While I am at it with these offences (and getting back on topic), let me cover why I don't think punitive judgements work in road cases. Psychologically, most driver's out there have a "it won't happen to me" attitude. I can be included in that occasionally. The cognitive dissonance is human nature. Thus, if you don't think you will do something negligent, logically you are not at risk of that judgement and that is where it doesn't work. We hear about it, but it will never happen to us so why worry about Joe, the hard working guy who made a mistake that killed someone but is spending the next 12 months in prison. We might empathise with him, but we generally don't sympathise. That is the issue of the deterrent side of things.

    So there in my tired state is my general thoughts on the deterrence, incapacitation and rehab sides of criminal judgements. The victim impact helps put the case into context and judge the seriousness of the effects, but is not (in my opinion) an accurate gauge by which to decide 'how much' to punish someone. Victims and their families often want a form of 'revenge' on emotional grounds in these situations and it stems from the old 'eye for an eye' mentality which I don't subscribe to.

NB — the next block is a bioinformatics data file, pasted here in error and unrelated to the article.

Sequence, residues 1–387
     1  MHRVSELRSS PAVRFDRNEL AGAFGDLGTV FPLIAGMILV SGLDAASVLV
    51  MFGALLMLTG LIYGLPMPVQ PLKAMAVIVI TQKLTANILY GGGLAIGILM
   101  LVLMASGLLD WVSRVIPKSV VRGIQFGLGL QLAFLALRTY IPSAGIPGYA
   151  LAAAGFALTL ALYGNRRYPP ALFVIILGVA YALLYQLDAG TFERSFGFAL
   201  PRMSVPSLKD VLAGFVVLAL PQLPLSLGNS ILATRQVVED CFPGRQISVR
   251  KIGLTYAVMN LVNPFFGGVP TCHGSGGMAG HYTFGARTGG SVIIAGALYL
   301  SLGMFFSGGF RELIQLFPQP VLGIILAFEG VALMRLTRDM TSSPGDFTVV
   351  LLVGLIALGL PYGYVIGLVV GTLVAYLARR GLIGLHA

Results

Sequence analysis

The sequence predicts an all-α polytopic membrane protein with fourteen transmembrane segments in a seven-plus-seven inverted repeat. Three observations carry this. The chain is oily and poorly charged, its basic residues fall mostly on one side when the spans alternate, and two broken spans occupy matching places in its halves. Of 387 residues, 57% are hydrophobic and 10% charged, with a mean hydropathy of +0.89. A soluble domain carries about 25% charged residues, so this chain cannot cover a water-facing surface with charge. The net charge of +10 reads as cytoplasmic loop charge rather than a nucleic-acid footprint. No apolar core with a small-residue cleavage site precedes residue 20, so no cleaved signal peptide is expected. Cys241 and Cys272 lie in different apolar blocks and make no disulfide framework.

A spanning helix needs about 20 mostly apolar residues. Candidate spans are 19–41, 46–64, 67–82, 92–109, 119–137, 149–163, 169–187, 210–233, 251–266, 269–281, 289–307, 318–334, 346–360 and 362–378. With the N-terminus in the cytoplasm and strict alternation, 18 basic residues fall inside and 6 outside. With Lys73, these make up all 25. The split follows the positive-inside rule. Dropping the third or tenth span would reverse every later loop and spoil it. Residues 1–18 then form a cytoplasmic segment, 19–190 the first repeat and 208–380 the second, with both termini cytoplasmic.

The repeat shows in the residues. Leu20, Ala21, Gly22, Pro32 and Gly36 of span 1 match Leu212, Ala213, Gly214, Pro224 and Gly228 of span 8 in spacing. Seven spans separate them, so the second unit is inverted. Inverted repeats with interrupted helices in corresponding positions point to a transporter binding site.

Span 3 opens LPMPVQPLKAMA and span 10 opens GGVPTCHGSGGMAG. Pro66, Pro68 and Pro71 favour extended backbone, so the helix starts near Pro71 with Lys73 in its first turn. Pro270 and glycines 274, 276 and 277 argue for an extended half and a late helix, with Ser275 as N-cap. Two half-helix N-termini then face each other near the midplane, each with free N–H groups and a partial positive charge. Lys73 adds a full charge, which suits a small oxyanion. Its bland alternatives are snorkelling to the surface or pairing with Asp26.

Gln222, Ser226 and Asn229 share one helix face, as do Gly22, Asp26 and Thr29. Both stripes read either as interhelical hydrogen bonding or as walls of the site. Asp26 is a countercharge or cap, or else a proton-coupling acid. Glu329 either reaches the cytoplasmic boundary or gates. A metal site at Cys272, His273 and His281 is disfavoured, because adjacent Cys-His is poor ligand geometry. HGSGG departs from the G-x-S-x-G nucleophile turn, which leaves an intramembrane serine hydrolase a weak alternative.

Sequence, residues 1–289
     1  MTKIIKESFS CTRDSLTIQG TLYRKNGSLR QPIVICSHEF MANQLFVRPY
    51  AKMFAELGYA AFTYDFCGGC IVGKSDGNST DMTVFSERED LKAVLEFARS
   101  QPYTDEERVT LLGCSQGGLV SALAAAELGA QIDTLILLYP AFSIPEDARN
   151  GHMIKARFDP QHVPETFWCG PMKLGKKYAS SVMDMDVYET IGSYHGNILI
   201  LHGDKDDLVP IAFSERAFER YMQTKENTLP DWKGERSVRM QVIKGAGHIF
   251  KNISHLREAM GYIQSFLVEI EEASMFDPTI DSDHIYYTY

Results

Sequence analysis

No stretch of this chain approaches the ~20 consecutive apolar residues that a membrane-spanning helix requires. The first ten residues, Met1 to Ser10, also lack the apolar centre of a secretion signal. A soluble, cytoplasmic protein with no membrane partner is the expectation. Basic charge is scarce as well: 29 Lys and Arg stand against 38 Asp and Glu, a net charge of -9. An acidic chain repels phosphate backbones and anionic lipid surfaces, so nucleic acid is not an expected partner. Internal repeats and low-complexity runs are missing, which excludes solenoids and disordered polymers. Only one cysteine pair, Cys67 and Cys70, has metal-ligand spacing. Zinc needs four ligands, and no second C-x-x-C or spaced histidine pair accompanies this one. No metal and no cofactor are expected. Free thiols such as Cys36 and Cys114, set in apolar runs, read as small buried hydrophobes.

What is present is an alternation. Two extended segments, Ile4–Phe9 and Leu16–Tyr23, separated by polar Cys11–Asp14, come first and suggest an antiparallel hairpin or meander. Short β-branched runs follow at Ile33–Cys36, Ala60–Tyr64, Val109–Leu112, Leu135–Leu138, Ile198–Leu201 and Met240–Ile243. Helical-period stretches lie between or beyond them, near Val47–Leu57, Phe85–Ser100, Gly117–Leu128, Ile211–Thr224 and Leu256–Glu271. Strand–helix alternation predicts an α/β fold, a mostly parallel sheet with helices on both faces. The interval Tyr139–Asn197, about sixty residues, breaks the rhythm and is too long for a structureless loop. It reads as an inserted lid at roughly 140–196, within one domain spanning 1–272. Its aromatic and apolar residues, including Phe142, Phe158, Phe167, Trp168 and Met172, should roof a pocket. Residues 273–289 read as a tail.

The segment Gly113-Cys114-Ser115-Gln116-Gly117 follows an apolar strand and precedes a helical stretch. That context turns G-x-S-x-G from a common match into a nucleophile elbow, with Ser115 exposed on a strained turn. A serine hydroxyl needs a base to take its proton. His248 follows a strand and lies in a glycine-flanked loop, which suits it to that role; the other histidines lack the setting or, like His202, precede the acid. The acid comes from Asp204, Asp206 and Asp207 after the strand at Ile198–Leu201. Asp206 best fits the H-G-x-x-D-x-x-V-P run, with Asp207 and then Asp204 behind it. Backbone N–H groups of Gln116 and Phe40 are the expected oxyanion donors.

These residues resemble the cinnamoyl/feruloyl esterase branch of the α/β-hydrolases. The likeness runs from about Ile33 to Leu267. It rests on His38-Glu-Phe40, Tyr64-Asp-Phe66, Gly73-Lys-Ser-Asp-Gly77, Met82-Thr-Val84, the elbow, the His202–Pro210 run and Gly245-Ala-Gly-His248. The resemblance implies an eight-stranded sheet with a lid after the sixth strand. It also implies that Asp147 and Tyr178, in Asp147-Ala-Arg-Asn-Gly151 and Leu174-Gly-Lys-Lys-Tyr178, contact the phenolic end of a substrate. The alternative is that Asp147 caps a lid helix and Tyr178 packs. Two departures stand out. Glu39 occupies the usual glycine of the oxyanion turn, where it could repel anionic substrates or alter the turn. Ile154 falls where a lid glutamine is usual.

I've discussed this with my girlfriend a fair bit who is actually a lawyer, so am more than aware that it generally isn't the popular view of the public. Also, I have covered a couple of aspects, but there is more in making a judgement - i.e. the public perception and public opinion in cases is often a consideration as well for which judges base their judgements. I'm also aware that if a driver did something stupid and killed someone I care about, I'd probably want blood too. It doesn't make it the right decision though.

    Edit: Just realised how long this is - apologies for the essay
    • Like Like x 2